U.S. government requested inquiry into Alzheimer’s scientist over misconduct allegations

Gary Dunbar’s university ruled he was not guilty of research misconduct. Nine months later, the federal government demanded another look.

An illustration of a hand holding a magnifying glass
Faulty figures: The inquiry requested by the federal government focused on four allegations of image duplication in one paper’s figures.
Illustration by Sam Schuman / Adobe Stock

It seemed like an open-and-shut case. In October 2021, Central Michigan University started investigating neuroscientist Gary Dunbar over allegations of image duplication in several of his papers. Dunbar’s collaborator, Panchanan Maiti, former adjunct assistant professor, declared sole responsibility for the duplicated images, and Dunbar vowed to correct the problems with each journal. The university closed its case three months later.

Then an email from the federal government arrived.

In October 2022 — nine months after the university closed its case — the Office of Research Integrity (ORI) within the U.S. Department of Health and Human Services emailed the university a letter requesting an inquiry into Dunbar and Maiti.

The ORI has jurisdiction in the matter, the letter states, because one of the papers co-authored by Dunbar and Maiti was partially funded by a collaborator’s grant from the National Institutes of Health.

The letter alleges four instances of image duplication within three figures in the paper. In each instance, images of stained cells from mouse brain tissue were used to represent both control and treated animals.

Maiti again took responsibility for the duplicated images, according to the inquiry report that Central Michigan University submitted to the ORI in January 2023. The report concluded that escalating the case to a more formal investigation was not necessary. “What has come out of this inquiry is that putting faith into what your collaborator is doing without good oversight of the laboratory can cause errors in the final work product,” the report states.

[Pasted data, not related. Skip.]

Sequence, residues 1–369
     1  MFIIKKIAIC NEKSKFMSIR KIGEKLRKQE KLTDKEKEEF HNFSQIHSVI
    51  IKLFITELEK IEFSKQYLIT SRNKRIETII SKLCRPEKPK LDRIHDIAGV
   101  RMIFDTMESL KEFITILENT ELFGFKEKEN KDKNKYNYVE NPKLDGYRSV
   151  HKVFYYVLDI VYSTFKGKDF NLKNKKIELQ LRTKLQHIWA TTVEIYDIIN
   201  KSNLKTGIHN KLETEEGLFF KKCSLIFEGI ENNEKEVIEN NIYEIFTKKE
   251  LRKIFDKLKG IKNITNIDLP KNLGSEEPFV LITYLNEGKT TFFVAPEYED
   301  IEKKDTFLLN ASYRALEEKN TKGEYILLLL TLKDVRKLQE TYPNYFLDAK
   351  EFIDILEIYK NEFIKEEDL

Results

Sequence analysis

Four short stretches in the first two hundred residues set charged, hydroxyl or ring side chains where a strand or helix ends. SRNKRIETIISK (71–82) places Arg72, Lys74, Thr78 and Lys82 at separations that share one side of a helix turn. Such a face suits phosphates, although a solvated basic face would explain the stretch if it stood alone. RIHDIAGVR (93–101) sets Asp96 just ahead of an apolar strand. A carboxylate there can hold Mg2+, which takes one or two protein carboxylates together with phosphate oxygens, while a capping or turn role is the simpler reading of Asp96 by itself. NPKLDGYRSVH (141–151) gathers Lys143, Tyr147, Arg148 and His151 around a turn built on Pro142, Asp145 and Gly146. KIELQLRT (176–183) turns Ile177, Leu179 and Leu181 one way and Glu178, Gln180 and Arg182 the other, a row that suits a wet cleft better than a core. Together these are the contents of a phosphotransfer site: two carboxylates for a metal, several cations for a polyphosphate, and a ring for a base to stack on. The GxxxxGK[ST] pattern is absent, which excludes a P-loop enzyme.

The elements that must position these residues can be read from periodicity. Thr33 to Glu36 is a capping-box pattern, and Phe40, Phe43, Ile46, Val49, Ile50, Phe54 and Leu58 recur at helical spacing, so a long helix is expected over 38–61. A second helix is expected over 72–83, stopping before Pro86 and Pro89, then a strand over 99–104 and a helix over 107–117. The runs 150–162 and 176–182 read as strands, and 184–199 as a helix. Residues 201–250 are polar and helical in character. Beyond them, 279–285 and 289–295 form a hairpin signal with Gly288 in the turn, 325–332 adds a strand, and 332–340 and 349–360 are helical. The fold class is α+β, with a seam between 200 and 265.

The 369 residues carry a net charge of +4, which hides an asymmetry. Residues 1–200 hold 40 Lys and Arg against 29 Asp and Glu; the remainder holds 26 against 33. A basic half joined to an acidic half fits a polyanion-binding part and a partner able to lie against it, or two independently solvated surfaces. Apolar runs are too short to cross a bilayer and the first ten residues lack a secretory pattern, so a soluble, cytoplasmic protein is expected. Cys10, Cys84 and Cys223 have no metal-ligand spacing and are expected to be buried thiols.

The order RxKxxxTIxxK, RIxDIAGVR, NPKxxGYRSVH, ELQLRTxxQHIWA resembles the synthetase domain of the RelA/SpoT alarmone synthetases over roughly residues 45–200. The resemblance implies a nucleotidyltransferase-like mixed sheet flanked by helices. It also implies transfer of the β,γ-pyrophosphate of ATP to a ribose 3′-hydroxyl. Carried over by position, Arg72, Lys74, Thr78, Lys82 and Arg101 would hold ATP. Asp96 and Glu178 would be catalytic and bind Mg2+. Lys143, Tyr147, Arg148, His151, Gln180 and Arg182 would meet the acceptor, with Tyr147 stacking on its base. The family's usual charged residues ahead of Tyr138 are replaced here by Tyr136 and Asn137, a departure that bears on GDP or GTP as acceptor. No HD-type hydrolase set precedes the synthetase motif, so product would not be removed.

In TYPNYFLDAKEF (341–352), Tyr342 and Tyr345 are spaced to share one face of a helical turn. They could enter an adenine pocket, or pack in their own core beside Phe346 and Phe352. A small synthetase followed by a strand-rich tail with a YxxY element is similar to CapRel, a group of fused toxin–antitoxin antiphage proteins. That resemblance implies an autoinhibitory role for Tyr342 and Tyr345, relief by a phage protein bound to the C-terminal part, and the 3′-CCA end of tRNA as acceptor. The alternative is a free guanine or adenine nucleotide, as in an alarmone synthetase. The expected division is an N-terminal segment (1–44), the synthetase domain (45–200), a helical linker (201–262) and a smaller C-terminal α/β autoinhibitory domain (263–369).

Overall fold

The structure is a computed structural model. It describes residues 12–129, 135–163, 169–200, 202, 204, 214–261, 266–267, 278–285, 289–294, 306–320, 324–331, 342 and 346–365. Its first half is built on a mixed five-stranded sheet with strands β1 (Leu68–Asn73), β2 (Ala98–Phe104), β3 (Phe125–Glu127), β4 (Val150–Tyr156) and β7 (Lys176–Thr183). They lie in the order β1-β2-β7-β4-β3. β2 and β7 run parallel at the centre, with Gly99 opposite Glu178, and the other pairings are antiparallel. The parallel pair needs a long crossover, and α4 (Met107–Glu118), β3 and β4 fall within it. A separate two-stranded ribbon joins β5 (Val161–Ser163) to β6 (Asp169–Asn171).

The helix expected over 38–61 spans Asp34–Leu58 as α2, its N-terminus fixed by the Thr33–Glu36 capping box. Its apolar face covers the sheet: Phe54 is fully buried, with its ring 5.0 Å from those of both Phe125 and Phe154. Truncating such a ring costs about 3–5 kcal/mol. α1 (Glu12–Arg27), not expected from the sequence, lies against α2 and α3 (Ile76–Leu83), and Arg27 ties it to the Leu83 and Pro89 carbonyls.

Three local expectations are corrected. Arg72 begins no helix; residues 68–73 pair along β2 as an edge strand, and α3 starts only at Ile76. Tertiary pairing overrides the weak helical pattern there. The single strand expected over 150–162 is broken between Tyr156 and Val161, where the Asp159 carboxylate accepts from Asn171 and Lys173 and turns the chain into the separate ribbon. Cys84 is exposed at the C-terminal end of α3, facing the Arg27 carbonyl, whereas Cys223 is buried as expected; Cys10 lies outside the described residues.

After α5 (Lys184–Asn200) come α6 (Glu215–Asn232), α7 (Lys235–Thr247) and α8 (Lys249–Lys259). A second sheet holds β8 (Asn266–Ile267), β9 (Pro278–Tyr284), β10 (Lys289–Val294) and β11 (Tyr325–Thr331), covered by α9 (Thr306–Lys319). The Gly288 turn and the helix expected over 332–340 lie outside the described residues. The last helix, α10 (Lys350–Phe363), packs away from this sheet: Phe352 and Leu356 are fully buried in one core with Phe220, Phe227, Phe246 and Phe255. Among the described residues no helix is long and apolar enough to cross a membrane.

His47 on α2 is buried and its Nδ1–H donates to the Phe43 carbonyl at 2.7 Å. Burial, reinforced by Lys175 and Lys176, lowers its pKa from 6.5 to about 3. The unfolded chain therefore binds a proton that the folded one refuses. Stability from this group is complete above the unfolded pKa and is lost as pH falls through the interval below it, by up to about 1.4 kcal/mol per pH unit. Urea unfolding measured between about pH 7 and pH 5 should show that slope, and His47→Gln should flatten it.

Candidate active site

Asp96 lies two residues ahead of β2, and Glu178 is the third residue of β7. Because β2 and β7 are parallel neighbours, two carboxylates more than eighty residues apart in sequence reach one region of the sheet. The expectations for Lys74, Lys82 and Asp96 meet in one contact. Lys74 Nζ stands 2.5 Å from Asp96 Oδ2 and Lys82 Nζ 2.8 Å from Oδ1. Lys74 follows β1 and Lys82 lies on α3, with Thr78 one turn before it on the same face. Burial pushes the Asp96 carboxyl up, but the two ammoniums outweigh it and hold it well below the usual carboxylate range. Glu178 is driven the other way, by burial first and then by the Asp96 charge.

The university has not heard from the ORI since submitting the report, according to a university spokesperson.

“ORI is not able to confirm or deny the existence of any potential pending cases,” an ORI spokesperson told The Transmitter in an email. “If ORI makes a finding of research misconduct, it will be posted to ORI’s case summaries page.” Dunbar’s case is not currently listed.

The Transmitter reported last month on the university’s investigation and Dunbar’s attempts to rectify the errors. The ORI’s demand was revealed in additional documents and emails that The Transmitter obtained via a records request.

“Following established policy, Central Michigan University conducted an internal inquiry into the reported research irregularities and found no evidence of malfeasance. Dr. Dunbar and his research team have proactively worked to notify the affected journals and are fastidiously working to further corroborate the reported results with additional testing,” David Weindorf, the university’s vice president for research and innovation, told The Transmitter in an email. “I have nothing further to add to the information that CMU has already provided to The Transmitter.”

Dunbar and Maiti did not respond to multiple requests for comment.

T

he study, which was published in the International Journal of Molecular Sciences in 2020, tested if boronic compounds could improve pathological and behavioral impairments in different models of Alzheimer’s disease. The grant recipient, Joseph Larkin, professor of chemistry at Eckerd College, performed experiments in Caenorhabditis elegans while Maiti and Dunbar handled the cell culture and mouse model experiments.